Kenji trained as a geologist and did much field work in the mountains, woods, and fields that he loved. As he roamed the countryside he would gather plants and rocks and observe the heavens, drawing inspiration from the stars, wind, and living creatures for the poetry and stories he wrote. Just like the characters in his stories, Kenji must have heard voices whispering in the wind and listened to the rocks conversing as he wearily fell asleep.
Kenji felt an emotional affinity with stars and rainbows, the wind and clouds, animals, rocks and a host of other things in nature which were a poetic inspiration to him. As he wrote in An Outline of the Essential Art of the Peasant, "Come and go with the wind, gather energy from the clouds," Kenji was extremely responsive to atmospheric phenomena-the wind, snow, and clouds energized him.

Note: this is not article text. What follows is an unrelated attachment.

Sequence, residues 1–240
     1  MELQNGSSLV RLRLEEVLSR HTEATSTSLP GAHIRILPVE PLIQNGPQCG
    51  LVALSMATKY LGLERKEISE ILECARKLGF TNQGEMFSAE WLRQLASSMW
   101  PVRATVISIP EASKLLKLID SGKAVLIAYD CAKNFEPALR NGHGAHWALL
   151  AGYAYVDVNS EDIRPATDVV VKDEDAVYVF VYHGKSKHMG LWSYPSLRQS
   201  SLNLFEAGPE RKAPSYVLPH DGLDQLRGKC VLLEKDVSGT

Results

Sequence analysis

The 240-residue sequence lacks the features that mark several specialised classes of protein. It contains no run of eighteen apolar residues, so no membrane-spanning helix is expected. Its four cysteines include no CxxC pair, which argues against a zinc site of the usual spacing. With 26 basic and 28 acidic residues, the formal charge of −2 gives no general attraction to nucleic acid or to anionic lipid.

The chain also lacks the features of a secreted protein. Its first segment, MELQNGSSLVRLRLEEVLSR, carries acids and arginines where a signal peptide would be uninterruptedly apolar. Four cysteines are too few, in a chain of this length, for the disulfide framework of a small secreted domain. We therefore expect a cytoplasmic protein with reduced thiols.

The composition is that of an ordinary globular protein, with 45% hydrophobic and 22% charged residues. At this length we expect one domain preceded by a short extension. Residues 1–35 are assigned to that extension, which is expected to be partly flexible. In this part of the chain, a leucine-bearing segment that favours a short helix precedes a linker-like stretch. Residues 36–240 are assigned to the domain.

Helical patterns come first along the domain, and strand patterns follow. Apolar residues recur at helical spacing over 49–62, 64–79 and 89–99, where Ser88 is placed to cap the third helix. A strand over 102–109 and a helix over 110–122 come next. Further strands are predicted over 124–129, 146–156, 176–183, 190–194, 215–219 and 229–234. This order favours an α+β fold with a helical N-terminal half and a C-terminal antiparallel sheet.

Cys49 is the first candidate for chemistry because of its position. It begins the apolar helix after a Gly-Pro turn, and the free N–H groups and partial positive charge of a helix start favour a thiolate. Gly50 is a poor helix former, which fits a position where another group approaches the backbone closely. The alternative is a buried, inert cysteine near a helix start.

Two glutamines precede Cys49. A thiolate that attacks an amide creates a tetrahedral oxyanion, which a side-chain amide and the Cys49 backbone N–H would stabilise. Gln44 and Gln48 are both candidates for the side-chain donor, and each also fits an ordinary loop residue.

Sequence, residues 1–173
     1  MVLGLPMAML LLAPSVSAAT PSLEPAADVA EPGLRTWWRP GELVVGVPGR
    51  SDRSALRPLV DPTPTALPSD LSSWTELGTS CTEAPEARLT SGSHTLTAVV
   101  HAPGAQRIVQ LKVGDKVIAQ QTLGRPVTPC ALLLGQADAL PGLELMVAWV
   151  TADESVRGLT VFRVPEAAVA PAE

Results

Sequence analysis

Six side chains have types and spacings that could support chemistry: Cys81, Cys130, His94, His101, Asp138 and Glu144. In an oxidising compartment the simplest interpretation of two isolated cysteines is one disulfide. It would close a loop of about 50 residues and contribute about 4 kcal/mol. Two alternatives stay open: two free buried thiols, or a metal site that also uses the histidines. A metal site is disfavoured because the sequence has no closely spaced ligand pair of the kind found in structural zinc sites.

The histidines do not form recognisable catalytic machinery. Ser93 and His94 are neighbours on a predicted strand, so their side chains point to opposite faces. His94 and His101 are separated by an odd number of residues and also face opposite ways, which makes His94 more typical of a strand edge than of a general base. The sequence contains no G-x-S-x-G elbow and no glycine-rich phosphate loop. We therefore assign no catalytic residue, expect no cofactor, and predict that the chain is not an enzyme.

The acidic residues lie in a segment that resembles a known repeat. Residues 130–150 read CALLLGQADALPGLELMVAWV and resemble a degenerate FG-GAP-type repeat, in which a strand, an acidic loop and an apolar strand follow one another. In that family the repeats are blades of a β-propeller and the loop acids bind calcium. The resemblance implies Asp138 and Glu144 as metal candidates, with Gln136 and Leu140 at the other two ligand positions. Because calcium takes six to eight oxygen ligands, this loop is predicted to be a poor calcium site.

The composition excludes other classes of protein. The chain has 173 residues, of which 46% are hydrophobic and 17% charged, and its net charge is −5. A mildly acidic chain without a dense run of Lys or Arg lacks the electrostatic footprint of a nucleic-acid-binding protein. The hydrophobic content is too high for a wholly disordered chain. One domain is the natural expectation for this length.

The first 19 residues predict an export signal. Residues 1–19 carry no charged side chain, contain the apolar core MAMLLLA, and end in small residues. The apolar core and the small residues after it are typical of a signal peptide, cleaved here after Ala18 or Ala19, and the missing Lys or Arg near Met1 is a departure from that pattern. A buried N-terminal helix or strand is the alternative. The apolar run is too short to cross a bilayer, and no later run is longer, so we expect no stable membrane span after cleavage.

The wind is a principal theme in Matasaburo of the Wind , generally regarded as one of Kenji's masterpieces. Other stories like The Origin of the Deer Dance, Sagaren and August, and The Glacier Rat's Pelt all begin with the sound of the wind which acts as a kind of story teller who starts off the tale.
Many of the earth-bound creatures in Kenji's stories look with longing on the sun and the stars. These creatures not only converse with each other, but with the sky and the heavens as well, because they recognize that they are an integral part of the universe. This is one of the techniques by which Kenji gives play to the power of his unique, poetic imagination.
Who is Kenji Miyazawa? The World of Kenji Miyazawa